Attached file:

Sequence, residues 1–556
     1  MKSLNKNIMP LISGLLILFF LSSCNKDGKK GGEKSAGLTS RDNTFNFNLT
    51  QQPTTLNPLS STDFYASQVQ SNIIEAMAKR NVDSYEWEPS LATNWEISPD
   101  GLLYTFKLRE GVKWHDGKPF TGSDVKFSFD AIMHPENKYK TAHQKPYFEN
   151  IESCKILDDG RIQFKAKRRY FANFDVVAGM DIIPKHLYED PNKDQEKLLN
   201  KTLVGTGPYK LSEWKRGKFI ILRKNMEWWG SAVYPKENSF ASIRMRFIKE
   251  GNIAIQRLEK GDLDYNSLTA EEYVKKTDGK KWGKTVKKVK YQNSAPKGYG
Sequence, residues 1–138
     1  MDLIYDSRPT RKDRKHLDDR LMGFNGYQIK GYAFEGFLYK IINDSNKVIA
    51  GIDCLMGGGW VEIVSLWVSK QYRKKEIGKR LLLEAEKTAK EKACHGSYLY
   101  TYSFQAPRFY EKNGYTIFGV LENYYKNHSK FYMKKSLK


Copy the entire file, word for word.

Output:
Sequence, residues 1–556
     1  MKSLNKNIMP LISGLLILFF LSSCNKDGKK GGEKSAGLTS RDNTFNFNLT
    51  QQPTTLNPLS STDFYASQVQ SNIIEAMAKR NVDSYEWEPS LATNWEISPD
   101  GLLYTFKLRE GVKWHDGKPF TGSDVKFSFD AIMHPENKYK TAHQKPYFEN
   151  IESCKILDDG RIQFKAKRRY FANFDVVAGM DIIPKHLYED PNKDQEKLLN
   201  KTLVGTGPYK LSEWKRGKFI ILRKNMEWWG SAVYPKENSF ASIRMRFIKE
   251  GNIAIQRLEK GDLDYNSLTA EEYVKKTDGK KWGKTVKKVK YQNSAPKGYG
Sequence, residues 1–138
     1  MDLIYDSRPT RKDRKHLDDR LMGFNGYQIK GYAFEGFLYK IINDSNKVIA
    51  GIDCLMGGGW VEIVSLWVSK QYRKKEIGKR LLLEAEKTAK EKACHGSYLY
   101  TYSFQAPRFY EKNGYTIFGV LENYYKNHSK FYMKKSLK